5 Mar, 13 | by BMJ Group
In July 2012, Anne Marie Slaughter, who is a professor at Princeton, resigned from her high profile position as the director of policy planning for the US State Department in Washington in order to spend more time with her teenage sons. Her resignation was accompanied by her well circulated article, “Why women still can’t have it all” in The Atlantic, that discussed the hardships in achieving work-family balance—and perhaps discouraging younger women from trying to “have it all.”
Several other high profile women joined the discussion and there were additional resignations. The struggle to find time to spend with one’s children seems to be a consistent theme in the reasons women resign from government service. To have it all would be to achieve that great career, and that great relationship with a loving spouse and spunky children—all while having a clean house and manicured lawn.
If you have been reading this blog for the last couple of years, you will know that the Colonel, my husband, died in a road traffic accident in Jakarta in August 2011, and thus that my life as a trailing spouse finished. Whereas most recently widowed people do not have to give up their home and their way of life, the boys and I were repatriated to the United States during the summer of 2012. (I am thankful to the US Army that the boys were able to complete the school year in Jakarta.) Now, we are living just outside Washington, DC, which I selected because most of the global health systems and policy work done in the US is done in and around Washington. I spent six months doing consultancies, working on publications, wrapping up a few projects, and setting up a new house.
However, while these high profile women resigned to spend more time with their children, I have entered the fray of working in Washington. In January 2013, I became the special assistant to the assistant commandant of the Marine Corps, and senior program liaison for community health integration. Am I, I wonder, doing the right thing?
I do not question the scope of work—the work has the potential to be that rare public health amalgamation that is simultaneously inspired and humbling and makes real improvements in the lives of the population, which in this case is Marines, their families, and the communities in which they serve. In Dhaka, the team and I would talk about “the magic” that enabled us to dream of and deliver amazing work—networks of clinics for the homeless, introducing a new research methodology across our region, developing a centre for non-communicable disease research, scaling up zinc, etc. I have that same sense now—at the start of something completely different. However, if so many better educated, more successful women with a living husband/partner have had to step back—and have written high profile articles about it, am I doing justice to my family to jump in?
Years ago a book came out about the lives and careers of the first women graduates of Harvard Law. In Pinstripes and Pearls each woman seemed to echo the same mantra: I wish I had spent more time with my children when they were young. When I read that book, I had been home for almost a decade between the birth of my first son and the start of first grade for my third son. In those days I knew that I was fortunate to have a husband who earned just enough money for us to live modestly, and who provided the support for my masters and my doctoral work. Even then I knew that I would never say, “I wish I spent more time with my children when they were young,” because I was there for them every day.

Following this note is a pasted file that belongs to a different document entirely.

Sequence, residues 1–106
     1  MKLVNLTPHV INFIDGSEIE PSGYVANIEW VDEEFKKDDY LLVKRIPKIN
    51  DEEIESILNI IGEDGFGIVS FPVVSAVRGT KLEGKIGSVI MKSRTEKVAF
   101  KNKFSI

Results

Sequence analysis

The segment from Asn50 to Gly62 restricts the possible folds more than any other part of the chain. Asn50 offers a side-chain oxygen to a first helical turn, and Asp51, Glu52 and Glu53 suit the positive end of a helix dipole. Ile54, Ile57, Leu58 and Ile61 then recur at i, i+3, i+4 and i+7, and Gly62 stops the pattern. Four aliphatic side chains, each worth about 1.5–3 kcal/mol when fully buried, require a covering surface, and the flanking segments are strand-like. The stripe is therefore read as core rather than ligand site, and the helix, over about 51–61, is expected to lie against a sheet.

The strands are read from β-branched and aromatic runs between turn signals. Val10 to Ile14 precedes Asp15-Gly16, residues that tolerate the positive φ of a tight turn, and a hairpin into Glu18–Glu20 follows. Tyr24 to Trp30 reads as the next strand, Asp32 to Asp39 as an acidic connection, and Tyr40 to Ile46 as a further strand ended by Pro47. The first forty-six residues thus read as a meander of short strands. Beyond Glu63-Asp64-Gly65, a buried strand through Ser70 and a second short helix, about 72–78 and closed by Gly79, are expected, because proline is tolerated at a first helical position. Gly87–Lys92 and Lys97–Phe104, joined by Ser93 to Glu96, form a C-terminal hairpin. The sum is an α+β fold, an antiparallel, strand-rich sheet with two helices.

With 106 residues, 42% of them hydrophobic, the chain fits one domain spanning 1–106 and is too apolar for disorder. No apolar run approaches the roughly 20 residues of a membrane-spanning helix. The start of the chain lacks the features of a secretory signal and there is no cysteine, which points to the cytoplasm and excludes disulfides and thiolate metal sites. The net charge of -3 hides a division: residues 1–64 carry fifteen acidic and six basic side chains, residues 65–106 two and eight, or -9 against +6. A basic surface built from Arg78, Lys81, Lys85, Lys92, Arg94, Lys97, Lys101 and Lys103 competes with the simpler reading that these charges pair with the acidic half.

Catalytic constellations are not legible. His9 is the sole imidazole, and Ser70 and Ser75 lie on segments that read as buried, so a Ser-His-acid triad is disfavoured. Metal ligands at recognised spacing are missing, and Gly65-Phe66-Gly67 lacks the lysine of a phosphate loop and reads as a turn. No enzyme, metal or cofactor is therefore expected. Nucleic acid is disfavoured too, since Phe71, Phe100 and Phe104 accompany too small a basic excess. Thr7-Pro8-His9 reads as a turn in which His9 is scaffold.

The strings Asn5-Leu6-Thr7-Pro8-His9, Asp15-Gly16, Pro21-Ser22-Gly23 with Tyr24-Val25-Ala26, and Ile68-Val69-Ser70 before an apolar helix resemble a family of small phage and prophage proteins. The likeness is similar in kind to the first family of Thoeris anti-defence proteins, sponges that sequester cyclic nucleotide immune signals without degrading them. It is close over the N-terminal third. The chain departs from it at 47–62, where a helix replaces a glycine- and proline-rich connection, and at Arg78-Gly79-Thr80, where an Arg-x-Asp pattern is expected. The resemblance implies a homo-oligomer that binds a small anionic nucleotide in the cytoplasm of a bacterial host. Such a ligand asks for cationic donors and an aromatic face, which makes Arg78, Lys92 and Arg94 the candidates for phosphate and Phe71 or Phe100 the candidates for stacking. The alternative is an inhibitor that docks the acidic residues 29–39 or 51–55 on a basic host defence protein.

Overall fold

The boys are older now and I have spent a decade working on the front lines in the war against poverty and disease. At first I was frustrated to be so old yet relatively junior, but have always felt fortunate to have bosses who understood the need to balance work and family while unflaggingly encouraging me to take on new and more challenging research, teaching, and leadership positions. I cannot imagine that it is easier to balance home and family while travelling the planet to scientific seminars or to the field in support of programmes. For the last three years I travelled up to 50% of the time and fell into the bad habit of taking teleconferences during dinner or in the middle of the night because of living in such glamour spots as Dhaka and Jakarta—when meetings would be planned for Washington or London time.
However, thus armed, I am poised to learn how hard it is to be there for the boys, and the dogs, and the house, and the yard, all while working in Washington. I recognise that with the Colonel dead, having it all might exceed my grasp. In the wake of his death, my self-actualisation disappeared and I was back at the bottom of Maslow’s hierarchy thinking about food and shelter for the three boys, two dogs, one cat, and myself, left at the bottom of the planet with a broken heart.
Perhaps for now my public health desire to work hard and do good work might have to sit alongside no greater ambition than to achieve a “happy family life” and “make ends meet.” The barriers to making a difference in the lives of a new population are tremendous. Although I am no longer living and working in South Asia, Gandhi’s oft quoted advice to “Be the change you wish to see in the world” resounds in DC as well as it does in Delhi. Should I be discouraged by those women who blazed the trail successfully before me and stepped down while saying, “Don’t do as I have done?” No. Fingers crossed and prayers said, I think I’ll charge into the fray.
Tracey Pérez Koehlmoos is the special assistant to the assistant commandant of the Marine Corps and senior program liaison for community health integration for the U.S. Marine Corps.
The opinions expressed in this article are her own and in no way reflect the opinions of the U.S. Marine Corps, the Department of Defense, or any other agency.